Common Baltic Sea cyanobacteria; nodularia and aphanizomenon. Photo: Narin Celepli.

The Baltic Sea is environmentally and economically important, but threatened sea as a result of human activities. Dr Birgitta Bergman, leader of the international MiMeBS program, and her research team focuses on identifying all microorganisms – from plankton to virus – and their roles in the life of the Baltic Sea. This is done by, for the first time, introducing potent high-throughput sequencing technologies (DNA and RNA level) into Baltic Sea microbial research. The ultimate aim is to help restore these waters by introducing the fundamental role of microorganisms in running the flow of nutrients and energy into management action plans in the Baltic Sea.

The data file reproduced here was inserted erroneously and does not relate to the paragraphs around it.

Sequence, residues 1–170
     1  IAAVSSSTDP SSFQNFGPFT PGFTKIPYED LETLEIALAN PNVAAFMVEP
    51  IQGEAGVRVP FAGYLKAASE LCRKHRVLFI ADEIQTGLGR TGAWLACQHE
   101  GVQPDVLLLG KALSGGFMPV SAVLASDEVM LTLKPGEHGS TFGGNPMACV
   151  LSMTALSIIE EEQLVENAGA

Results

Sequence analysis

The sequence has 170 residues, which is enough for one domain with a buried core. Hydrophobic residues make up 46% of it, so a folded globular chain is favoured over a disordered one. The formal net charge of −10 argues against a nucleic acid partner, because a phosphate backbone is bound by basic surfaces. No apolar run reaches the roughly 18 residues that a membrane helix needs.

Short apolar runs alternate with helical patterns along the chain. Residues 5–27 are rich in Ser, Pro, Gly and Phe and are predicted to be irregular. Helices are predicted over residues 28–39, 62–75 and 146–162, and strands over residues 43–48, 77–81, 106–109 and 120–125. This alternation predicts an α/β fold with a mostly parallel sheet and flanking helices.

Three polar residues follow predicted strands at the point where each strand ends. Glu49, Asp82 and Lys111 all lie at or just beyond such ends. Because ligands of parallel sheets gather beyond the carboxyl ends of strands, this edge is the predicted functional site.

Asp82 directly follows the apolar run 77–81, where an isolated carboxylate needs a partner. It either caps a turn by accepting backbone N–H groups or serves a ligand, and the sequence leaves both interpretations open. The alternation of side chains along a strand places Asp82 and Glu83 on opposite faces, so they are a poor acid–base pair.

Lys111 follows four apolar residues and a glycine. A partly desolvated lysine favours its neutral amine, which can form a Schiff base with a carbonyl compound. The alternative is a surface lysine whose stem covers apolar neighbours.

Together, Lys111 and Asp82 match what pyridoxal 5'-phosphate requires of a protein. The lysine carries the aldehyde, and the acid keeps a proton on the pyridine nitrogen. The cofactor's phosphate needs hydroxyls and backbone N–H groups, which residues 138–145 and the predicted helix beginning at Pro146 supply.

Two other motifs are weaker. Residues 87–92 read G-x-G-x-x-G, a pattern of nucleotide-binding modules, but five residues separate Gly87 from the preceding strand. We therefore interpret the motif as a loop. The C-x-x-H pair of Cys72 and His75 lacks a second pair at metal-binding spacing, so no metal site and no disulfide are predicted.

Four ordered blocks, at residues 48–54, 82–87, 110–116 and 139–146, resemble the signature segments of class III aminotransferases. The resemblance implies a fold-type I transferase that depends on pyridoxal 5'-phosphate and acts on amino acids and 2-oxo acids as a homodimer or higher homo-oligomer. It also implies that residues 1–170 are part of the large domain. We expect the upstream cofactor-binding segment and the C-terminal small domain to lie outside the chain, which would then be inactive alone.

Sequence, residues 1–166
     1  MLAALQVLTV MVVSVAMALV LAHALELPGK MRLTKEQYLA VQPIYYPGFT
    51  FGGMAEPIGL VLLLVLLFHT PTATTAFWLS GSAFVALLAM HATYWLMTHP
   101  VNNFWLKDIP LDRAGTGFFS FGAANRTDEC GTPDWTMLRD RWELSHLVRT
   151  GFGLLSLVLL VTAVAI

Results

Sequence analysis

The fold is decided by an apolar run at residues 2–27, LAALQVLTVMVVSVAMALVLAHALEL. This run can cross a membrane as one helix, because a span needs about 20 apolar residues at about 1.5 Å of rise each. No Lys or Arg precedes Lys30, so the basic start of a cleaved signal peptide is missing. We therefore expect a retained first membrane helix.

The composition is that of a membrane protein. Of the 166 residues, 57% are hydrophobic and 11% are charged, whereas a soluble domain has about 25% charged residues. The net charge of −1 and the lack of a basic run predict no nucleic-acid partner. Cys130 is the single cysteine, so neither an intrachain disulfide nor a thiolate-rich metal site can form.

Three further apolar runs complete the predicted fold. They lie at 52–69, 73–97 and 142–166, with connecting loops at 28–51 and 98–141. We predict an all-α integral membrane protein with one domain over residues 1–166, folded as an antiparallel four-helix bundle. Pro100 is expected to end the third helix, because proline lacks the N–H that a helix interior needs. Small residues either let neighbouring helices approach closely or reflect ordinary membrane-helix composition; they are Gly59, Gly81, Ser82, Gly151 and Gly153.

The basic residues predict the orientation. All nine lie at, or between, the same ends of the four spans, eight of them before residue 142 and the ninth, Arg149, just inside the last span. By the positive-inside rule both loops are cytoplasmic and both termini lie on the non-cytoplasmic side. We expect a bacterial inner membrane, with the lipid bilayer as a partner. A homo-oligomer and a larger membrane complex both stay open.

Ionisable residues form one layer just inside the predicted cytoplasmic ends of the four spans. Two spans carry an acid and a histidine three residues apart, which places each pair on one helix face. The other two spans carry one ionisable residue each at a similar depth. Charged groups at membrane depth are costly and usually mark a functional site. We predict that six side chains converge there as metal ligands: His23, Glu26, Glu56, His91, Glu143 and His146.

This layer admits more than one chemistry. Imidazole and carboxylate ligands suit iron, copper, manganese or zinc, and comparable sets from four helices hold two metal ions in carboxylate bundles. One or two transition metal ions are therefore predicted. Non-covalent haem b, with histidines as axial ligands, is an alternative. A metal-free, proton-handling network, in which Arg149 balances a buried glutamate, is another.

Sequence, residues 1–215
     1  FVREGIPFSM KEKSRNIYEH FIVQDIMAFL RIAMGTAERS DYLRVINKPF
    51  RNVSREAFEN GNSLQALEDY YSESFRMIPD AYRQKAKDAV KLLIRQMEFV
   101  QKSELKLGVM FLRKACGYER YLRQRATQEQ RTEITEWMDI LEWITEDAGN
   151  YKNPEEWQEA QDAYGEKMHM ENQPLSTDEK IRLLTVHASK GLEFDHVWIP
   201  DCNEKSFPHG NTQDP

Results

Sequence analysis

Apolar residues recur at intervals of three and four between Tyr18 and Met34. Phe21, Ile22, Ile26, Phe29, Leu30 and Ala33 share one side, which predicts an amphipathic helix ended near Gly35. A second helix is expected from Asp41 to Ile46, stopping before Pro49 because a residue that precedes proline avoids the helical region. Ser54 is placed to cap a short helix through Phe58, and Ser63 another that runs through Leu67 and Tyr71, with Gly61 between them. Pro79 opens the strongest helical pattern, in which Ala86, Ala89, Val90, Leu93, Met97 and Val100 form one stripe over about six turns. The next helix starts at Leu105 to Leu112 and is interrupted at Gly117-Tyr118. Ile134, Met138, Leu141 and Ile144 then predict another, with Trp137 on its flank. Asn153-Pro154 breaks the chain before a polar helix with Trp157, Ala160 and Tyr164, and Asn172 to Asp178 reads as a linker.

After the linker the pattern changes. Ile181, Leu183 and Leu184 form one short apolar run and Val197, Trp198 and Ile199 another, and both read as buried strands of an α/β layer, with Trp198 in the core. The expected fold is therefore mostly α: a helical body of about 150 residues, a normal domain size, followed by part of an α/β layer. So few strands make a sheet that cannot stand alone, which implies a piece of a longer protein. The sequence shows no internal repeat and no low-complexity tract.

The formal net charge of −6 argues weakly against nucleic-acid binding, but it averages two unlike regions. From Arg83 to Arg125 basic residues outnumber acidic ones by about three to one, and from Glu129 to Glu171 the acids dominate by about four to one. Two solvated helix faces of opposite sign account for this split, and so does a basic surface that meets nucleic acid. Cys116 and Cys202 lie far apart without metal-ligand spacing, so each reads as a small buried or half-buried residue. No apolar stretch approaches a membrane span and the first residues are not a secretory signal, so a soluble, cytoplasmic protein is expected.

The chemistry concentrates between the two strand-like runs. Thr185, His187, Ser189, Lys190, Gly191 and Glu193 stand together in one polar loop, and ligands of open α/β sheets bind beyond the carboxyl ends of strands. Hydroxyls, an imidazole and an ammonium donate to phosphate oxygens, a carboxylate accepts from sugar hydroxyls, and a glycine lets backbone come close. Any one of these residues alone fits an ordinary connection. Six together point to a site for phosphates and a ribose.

Focus on microbial research

The article presents an overview on some of the discoveries made – on how enormously diverse the microbial life is within the Baltic Sea, on how microbes have evolved to adapt to the unusual conditions offered by this semi-enclosed sea, on the potential neurodegenerative role of a microbial toxin – findings that together will help support management of the Baltic Sea and to predict consequences within future climate change scenarios.